While my pay is decent, with low tax and no healthcare costs (or kids) Iím able to squirrel cash away at a decent rate at the moment. That said, my retirement is ENTIRELY my responsibility, as having been an expat my whole adult life, Iíve got no state pension. What have when I retire is what I have to make work.

If I can achieve an annualised 6% across my investments, that should work out. That said, the best laid plans and all...

In summary, some may be able to retire at my age with 800k generating 30,000 a year, but unless they were extremely well paid, theyíve had a crap time getting there, and will likely have a slightly less-crap time after.

Play the hand youíve got, and be responsible. But remember we likely have a spouse who we want to care for, we have interests and hobbies, and we are a long time dead.
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Old 03-29-2019, 09:56 AM   #46  
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Iíll bring up an interesting philosophical debate on the withdrawal rate. Retaining the principle is only a factor because you donít know when youíll die. Unless you just decide when you reach age ďXĒ youíll ďcheck yourself out.Ē Then you can pull far in excess of the mythical withdrawal rate. So if you retired at 65 and say your X was 75 you could live like royalty on 2 million for the next 10 years. Thereís an article by a Harvard professor entitled , ďWhy I hope to die at 75.Ē Fascinating read. For the non religious without any heirs this philosophy is intriguing. No Iím not crazy. This whole financial paradigm is driven by the unknown X. You could drop dead at 85 with a couple million tucked away and what good is that The last check I write is going to the undertaker - and Iím hoping that bounces.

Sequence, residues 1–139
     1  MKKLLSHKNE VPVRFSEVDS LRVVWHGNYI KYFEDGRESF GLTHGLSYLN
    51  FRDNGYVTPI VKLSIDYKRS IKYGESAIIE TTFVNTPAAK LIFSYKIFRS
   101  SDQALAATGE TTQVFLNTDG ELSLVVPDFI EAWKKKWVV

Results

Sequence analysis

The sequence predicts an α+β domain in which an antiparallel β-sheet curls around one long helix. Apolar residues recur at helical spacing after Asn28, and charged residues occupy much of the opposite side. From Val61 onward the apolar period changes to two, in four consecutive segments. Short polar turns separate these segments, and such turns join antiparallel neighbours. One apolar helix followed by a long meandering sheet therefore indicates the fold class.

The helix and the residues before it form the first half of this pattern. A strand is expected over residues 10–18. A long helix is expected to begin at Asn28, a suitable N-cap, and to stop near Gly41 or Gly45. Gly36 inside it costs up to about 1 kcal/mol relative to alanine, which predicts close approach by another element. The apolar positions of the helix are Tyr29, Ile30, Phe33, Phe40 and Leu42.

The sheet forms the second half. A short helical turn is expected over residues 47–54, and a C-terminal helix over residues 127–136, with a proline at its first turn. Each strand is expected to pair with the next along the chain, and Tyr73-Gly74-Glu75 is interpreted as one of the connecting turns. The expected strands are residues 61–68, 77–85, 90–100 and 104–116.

Iíll literally give my money to a cat charity - I donít like cats - before I let my deadbeat relatives inherit it.
So lemme get this straight. You save your whole life for 10 years of blowing money out your arse and then off yourself when it runs out? Think it would be far easier to spend every dollar you make, leverage yourself with credit for a couple years and then jump off a bridge. Longer enjoyment timeline if a shorter life.

Of course you could just go on living in the poor house, at least youíll be old when youíre doing it instead of denying yourself when youíre young.
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Old 03-31-2019, 04:12 AM   #47  
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I knew a guy once. He only made the smartest financial decisions. Saved every dime he possible could. Never went on vacation, ate cheaply at home, still had his first car, paid his small house off in 10 years. Lived to be 88. Miserable right up to the day he died but his heirs were very happy!
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Old 12-16-2019, 08:42 AM   #48  
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For anyone who's interested, here is a pretty nice budgeting course for pilots!



https://piloting-your-money.teachabl...lot-your-money
Link is broken